The Reckoning of Kit & Little Boots
nytheatre.com review by Martin Denton
June 8, 2008
"Kit" is Christopher Marlowe, the Elizabethan playwright, poet, and spy who wrote Tamburlaine the Great and Edward II. "Little Boots" is Caligula, the Roman emperor who went insane and became notorious for his debaucheries. One thing that both men have in common is that they were murdered at the age of 29; playwright Nat Cassidy found other coincidental congruencies in the course of putting together The Reckoning of Kit and Little Boots, which posits the latter figure as a kind of muse or guide to the former. The play's conceit is that Marlowe is working on a drama about Caligula, which explains why "Little Boots" would be on his mind at the moment an assassin—accidental or paid—plunged a knife into Marlowe's eye. As Marlowe lies dying from the wound, he revisits his own life and Caligula's, and possibly gains some self-knowledge.
Caligula is a fab character, and an irresistible one, and David Ian Lee seems to be having a blast bringing him to life. He gets to recount anecdote after anecdote of Caligula's astonishing, depraved, mythic existence: how his grandmother Livia murdered her own husband and tricked Caligula into murdering his own father; how (and why) Caligula tried to have his horse elected to the Senate; how the great love of Caligula's life was his sister Drucilla. Cassidy seems particularly fascinated by the sexual excesses of this character, and descriptions of acts of incest and more pepper Caligula's accounts of his life here.
But fun in its way as this all is, the heart of Cassidy's play—and the best parts of it—have nothing to do with the Roman emperor. Marlowe is the play's protagonist, after all, and it is what he learns from his experiences with his roommate Thomas Kyd (also a playwright, though a lesser one: he wrote The Spanish Tragedy), his comrade William Shakespeare, and his employer Sir Francis Walsingham that really fuel this Reckoning.
What I liked best about the play is the way that Cassidy contemporizes Marlowe's existence without in any way diminishing it. Kit is a twentysomething overgrown kid, grappling with the same kinds of things not-quite-mature twentysomething wannabe-artists grapple with in 2008. His roommate is a slob and, worse, has just had a huge hit show even though everyone knows he's an inferior talent. His pal William (whom he helped by ghost-writing parts of his first hit play) seems unable to do wrong, career-wise, even though he's a bit of a klutz and lacks Kit's university education and sophistication. His day job (as a spy, for the Queen's henchman Walsingham) is a major headache and a time-stealer (and there may be a bit of sexual harassment going on as well). And his failed romance with an actor...well, he just doesn't want to talk about it.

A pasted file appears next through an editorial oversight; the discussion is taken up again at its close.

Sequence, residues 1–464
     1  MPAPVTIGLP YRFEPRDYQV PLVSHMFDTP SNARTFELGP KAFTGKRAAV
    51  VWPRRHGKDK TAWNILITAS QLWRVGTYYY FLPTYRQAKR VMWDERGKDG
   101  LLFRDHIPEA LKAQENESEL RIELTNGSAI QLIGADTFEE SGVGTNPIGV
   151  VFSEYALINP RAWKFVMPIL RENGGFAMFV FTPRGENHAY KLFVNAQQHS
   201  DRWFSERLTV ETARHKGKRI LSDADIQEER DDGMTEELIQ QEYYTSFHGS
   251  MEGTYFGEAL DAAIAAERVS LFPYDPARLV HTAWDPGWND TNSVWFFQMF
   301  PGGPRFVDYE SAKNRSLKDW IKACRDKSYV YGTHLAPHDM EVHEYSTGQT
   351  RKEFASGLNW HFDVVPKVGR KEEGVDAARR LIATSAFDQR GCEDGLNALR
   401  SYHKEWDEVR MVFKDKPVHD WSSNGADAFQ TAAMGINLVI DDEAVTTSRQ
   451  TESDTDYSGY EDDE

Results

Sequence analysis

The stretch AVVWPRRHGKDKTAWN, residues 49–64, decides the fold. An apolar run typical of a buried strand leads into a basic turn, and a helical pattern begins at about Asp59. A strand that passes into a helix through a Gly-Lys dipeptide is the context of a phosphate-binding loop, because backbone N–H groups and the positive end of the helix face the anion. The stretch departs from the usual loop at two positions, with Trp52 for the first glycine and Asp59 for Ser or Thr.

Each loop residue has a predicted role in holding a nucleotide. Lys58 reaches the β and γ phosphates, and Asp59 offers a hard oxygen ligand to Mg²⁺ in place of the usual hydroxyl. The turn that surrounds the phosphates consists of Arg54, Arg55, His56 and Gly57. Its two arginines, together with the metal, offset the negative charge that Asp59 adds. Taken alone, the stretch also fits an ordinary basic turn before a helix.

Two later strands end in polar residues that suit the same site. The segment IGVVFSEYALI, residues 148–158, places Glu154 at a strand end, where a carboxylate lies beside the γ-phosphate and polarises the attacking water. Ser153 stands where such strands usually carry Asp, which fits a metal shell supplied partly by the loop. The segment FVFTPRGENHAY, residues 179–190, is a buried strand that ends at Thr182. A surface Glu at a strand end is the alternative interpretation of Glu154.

Cassidy nails what's universal about a character like Marlowe; and when the focus stays on what Marlowe can and should be learning from his chaotic life, Reckoning is at its strongest. The contrast between Marlowe's academic approach to writing and Shakespeare's unexplainable writing-from-the-heart is particularly central to Cassidy's theme, and I would have liked to see it given more stage time and more clarity.
Neal J. Freeman's staging of the play is fluid and entertaining, with Hannah Shafran's minimalist set serving the show extremely well. John Eckert's lighting and Freeman's sound design are also fine, though Ana Marie A. Salamat's costumes seem fussier than they need to be. The cast, besides the excellent and aforementioned Lee, is somewhat uneven: Andrew Firda and Alex Herrald are respectively deviously commanding as Walsingham and likeably clueless as Kyd; Lara Stoby and Anna Olivia Moore have too little to do as all the play's female characters (mainly, Marlowe's two sisters); and Keith Foster registers too much as a cipher in the role of Shakespeare. Cassidy himself plays Marlowe, and he's terrific, but the role he's written himself is far less showy than Lee's, and the play's balance suffers from that.
One thing's certain: there's talent aplenty on display here. Cassidy is clearly a young theatre artist to watch.